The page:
Monday, March 23, 2015

"My Future is in My Own Hands": A Student's Decision to Go Abroad


Summer Drum is a student at the Lloyd International Honors College at UNCG. Born and raised in North Carolina, she is currently on the adventure of a lifetime studying history and education abroad at Plymouth University in Plymouth, England. You can learn more about Summer and her journey abroad by following her travel blog at summerdrum.wordpress.com.

I believe that a heavy fear of mediocrity rests within many of us. For me, this fear has crawled to the forefront of my mind and constantly whispers into my ear. The first semester of my freshman year in college, I was sitting in a classroom at UNCG, fighting sleep as my professor droned on about a topic I had no interest in. That night, a wave of worry washed over me. “Sure, I’m only 18,” I thought to myself, “But I feel like life is so much more than this.” I pictured myself sitting through more uninteresting classes in the future, the sole purpose to check off a box so I’d be able to graduate; I saw myself with my college diploma, rushing to get a job; images of a house and a family began to surface; and, soon, I was in a fit of uncontrollable tears. That illustration of my future depicted me settling for a life of mediocrity, a normal and expected path, and it frightened me. I realized what I was craving- risk. Deviation from the norm. Adventure.

At the Oxford University School of Divinity, used as the
Hogwarts Infirmary in the Harry Potter films
Shortly after this little breakdown freshman year, I began planning my study abroad experience through the Honors College and the IPC Office. I’d always been interested in travel, and yet I had very little experience with it. Study abroad sounded like the perfect prescription for challenge and exploration.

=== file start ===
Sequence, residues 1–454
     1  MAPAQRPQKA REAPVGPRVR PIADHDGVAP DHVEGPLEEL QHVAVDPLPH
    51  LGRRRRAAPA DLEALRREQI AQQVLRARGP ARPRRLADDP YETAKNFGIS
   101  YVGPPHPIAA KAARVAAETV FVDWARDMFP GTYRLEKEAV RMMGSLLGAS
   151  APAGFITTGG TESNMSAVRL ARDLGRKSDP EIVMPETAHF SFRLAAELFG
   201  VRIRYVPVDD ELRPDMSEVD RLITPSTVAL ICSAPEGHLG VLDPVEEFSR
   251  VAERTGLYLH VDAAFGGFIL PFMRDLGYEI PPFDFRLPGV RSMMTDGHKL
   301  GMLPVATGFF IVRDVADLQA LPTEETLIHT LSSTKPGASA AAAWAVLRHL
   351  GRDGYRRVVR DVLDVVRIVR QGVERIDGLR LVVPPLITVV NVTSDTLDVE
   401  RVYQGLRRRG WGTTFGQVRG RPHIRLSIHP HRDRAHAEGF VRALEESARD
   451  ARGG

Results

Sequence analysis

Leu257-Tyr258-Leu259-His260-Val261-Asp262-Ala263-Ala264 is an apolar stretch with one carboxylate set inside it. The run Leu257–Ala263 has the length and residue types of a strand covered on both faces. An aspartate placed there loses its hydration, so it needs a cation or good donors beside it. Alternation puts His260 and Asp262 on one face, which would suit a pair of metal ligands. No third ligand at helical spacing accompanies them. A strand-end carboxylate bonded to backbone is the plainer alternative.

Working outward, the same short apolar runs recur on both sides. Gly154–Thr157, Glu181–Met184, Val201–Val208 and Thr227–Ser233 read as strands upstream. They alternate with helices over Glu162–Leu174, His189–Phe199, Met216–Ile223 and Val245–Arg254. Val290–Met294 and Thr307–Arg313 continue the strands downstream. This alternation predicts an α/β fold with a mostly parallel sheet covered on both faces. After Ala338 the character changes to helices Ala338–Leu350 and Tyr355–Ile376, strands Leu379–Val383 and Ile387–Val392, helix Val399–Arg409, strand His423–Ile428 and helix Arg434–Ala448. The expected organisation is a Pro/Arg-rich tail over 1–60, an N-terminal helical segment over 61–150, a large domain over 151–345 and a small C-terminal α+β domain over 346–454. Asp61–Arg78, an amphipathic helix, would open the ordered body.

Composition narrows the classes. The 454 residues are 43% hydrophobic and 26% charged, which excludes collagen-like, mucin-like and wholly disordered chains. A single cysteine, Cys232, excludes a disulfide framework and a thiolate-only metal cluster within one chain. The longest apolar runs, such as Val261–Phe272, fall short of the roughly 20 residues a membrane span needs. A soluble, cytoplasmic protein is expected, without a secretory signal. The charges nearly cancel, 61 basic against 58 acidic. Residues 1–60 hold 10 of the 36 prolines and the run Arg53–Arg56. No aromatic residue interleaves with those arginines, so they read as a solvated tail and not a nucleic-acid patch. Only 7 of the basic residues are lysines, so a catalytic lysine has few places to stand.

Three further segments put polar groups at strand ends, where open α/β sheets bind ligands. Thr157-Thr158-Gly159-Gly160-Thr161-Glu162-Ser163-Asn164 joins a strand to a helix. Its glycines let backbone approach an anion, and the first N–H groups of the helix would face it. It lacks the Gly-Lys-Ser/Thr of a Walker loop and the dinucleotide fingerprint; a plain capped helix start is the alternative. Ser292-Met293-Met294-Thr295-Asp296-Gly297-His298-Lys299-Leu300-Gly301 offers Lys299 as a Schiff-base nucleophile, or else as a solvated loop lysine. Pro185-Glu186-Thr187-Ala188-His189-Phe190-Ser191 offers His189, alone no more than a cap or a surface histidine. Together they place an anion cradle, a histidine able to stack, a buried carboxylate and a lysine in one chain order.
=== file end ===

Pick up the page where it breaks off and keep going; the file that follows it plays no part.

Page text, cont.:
Today, I am writing this from a dorm room at Plymouth University in England. It is my second semester of my sophomore year, and I am currently 19 years old. I am living in a country 3,000 miles from the comfort of home, an entire ocean apart from the people I love. I almost can’t believe that I’m actually here.

When I gave my teary goodbyes to my family members and boarded my plane to the UK, I envisioned something close to a perfect vacation; endless traveling, incredible food, crazy stories, and consistent activities. However, study abroad is grittier than a glossy vacation ad. It’s hard. It’s raw. It’s real. It’s emotional. It’s frustrating. It’s… incredible.

Plymouth is a port city on the southwestern coast of England, located in the county of Devon. The Pilgrims left from Plymouth on their famed Mayflower voyage. The weather is typically cold, windy, and cloudy. Because it rains so often, the grass maintains a vibrant green color year-round. The city is close and compact, so you can travel almost everywhere on foot. The university is one of the world’s leaders in sustainability. 33,000 students learn here. With such large numbers, one would assume the campus would be quite large. Instead of growing outward, however, the campus grows upward. Most school buildings are very tall, but that means that I can cross the entire campus in five minutes.

Plymouth was bombed heavily in WWII, so the city center consists of mostly modern buildings with the occasional historical treasure thrown in. The harbor area is called the Barbican, and its streets contain some of the oldest buildings in Plymouth.

View of Plymouth Sound
English culture has its similarities to American culture, but the differences are what make things interesting. Fridays are for eating fish and chips, while Sundays are for traditional English roasts. Instead of saying hello, strangers greet you with, “Are you alright?” Because British drivers travel on the opposite side of the road, you must be extra careful crossing the street. When someone says “That room is on the first floor,” that means the second floor to Americans. Most courses have only two graded assignments scheduled for the entire term. Coursework is submitted anonymously to a faculty office and not to the specific instructor. The steady accumulation of these little observations is what has made me fall in love with England.